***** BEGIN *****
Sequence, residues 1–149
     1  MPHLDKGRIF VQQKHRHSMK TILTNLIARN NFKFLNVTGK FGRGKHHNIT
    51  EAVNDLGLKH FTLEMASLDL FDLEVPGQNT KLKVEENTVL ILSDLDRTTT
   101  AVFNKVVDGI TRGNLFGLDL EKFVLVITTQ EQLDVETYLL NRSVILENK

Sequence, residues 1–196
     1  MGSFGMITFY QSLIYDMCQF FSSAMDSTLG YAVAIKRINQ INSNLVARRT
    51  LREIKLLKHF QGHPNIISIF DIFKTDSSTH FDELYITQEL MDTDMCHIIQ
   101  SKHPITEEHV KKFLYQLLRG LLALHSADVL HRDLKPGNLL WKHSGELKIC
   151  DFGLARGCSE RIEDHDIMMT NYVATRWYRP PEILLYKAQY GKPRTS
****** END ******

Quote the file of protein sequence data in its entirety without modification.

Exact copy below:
Sequence, residues 1–149
     1  MPHLDKGRIF VQQKHRHSMK TILTNLIARN NFKFLNVTGK FGRGKHHNIT
    51  EAVNDLGLKH FTLEMASLDL FDLEVPGQNT KLKVEENTVL ILSDLDRTTT
   101  AVFNKVVDGI TRGNLFGLDL EKFVLVITTQ EQLDVETYLL NRSVILENK

Sequence, residues 1–196
     1  MGSFGMITFY QSLIYDMCQF FSSAMDSTLG YAVAIKRINQ INSNLVARRT
    51  LREIKLLKHF QGHPNIISIF DIFKTDSSTH FDELYITQEL MDTDMCHIIQ
   101  SKHPITEEHV KKFLYQLLRG LLALHSADVL HRDLKPGNLL WKHSGELKIC
   151  DFGLARGCSE RIEDHDIMMT NYVATRWYRP PEILLYKAQY GKPRTS